There are 2.5 million people world-wide living with scleroderma, 12,000 in the UK. It is a rare auto-immune condition which can cause serious health complications, including irreversible damage to vital organs. And yet the long term health and quality of life for people with this potentially life threatening condition remains uncertain unless an early diagnosis is made.
A recent study by Scleroderma and Raynaud's UK (SRUK) showed that people with scleroderma are waiting at least two years and have more than five appointments with their GP before receiving a diagnosis. Over a fifth had to make more than 10 visits to their GP and 6% had to wait more than 10 years to receive a diagnosis.
One of the reasons for this may be that the first symptoms of scleroderma can often be subtle. Most patients will have been suffering with Raynaud's (a spasm of the vessels of hands and feet in response to cold or stress) for some time and symptoms such as hand swelling is dealt with as a side effect of the Raynaud's. Other first symptoms are fatigue and heartburn, also very non-specific, which can make a diagnosis difficult.
More training for GPs and health care professionals in recognising the symptoms would undoubtedly help in reducing diagnosis times. Practically, together with training, a flow chart on how to address symptoms that may be very common if isolated, but together can define the onset of a connective tissue disease like scleroderma, would be a good starting point.
New technology piloted at the SRUK mobile clinic in Leeds, will also help to reduce diagnosis time. Simple capillaroscopy testing (looking at blood vessels under a strong microscope) is already used within the NHS and validated as a diagnostic tool for scleroderma. Thermography is still a "research" tool, but in future I believe it will be helpful in determining whether patients with secondary Raynaud's show different patterns at thermography compared to those patients with primary Raynaud's.
But in my opinion, one of the most effective ways in which we can advance treatment for scleroderma, and subsequently reduce waiting times for diagnosis, is through research. Screening for rare diseases in specialist centres is not feasible. By definition, these conditions are rare and the specialist centres can never afford to screen the entire population to diagnose the 0.1% or less patients affected. Research into these conditions will identify blood or imaging tests that can be prescribed by GPs and eventually trigger referral of patients at high risk or with a clear diagnosis.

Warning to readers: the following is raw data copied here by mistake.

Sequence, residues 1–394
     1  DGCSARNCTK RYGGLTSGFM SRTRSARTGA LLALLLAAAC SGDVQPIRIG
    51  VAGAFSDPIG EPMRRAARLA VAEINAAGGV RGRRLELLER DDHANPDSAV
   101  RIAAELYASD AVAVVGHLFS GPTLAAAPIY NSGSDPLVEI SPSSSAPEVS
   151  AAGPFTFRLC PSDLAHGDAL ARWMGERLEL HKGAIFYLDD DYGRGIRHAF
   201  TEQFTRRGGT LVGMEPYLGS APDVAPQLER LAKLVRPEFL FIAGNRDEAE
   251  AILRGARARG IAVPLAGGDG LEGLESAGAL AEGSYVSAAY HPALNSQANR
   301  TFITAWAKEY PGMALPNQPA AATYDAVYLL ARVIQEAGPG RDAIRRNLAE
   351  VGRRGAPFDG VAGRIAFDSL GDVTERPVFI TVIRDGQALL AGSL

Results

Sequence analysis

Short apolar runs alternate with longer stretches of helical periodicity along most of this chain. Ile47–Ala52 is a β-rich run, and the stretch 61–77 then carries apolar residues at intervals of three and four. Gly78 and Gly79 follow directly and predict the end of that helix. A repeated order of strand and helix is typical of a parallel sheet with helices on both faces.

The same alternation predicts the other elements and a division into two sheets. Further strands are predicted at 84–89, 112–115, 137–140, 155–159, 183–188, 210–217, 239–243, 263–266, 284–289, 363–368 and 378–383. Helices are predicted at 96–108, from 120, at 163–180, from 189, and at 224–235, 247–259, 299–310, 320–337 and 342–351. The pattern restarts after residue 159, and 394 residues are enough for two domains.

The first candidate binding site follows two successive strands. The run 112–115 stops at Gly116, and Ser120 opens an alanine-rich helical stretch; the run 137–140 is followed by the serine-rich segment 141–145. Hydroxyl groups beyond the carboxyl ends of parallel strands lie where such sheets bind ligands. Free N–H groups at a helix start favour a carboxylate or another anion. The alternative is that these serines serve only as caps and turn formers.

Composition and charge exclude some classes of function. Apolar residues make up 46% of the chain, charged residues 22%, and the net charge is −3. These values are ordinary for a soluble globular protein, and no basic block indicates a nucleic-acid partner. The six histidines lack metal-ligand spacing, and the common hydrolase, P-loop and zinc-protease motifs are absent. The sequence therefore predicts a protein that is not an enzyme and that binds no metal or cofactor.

Awareness campaigns and studies can help us to increase the amount of medical research funding allocated to rare diseases. This is why the medical community is working closely with SRUK, the only charity dedicated to improving the lives of people affected by scleroderma. In addition, time and resources devoted to learn the natural history of common symptoms like Raynaud's will help us to identify the steps or causes responsible for progression to scleroderma for a limited number of Raynaud's patients.
Further, once patients are diagnosed with Scleroderma there is much to do on how we improve the care we can offer. Scleroderma is a systemic disease that can benefit from an integrated approach to clinical care. As healthcare providers we should facilitate the implementation of scleroderma clinics where consultants in different specialties (like Rheumatology, Cardiology and Respiratory medicine, Nephrology, Gastroenterology) and health professionals like podiatrists, psychologists and physiotherapists or occupational therapists, have the possibility to assess patients in a one stop clinic. This would integrate the care, reduce the time that patients have to spend in so many appointments and altogether reduce the burden that scleroderma has on patients.
Looking to the future however, I am convinced that the best way to improve the outcome of an effective drug is to administer it even before the symptoms start. The NIHR Biomedical Research Centre funded in 2017 in Leeds is completely focussed on predicting the onset of scleroderma, as well as other autoimmune diseases. Prevention clinical trials have never been designed so far because of the lack of clear predictors of progression to disease in a reasonable amount of time. With the work on biomarkers that we have been doing, we are confident that we will be able to detect the advancement from Raynaud's to Scleroderma 12 to 18 months before the onset of the symptoms. These patients could be invited to clinical trials to "prevent" the onset of scleroderma with a potentially tremendous gain for them and society.
For more information on Scleroderma and Raynaud's visit www.sruk.co.uk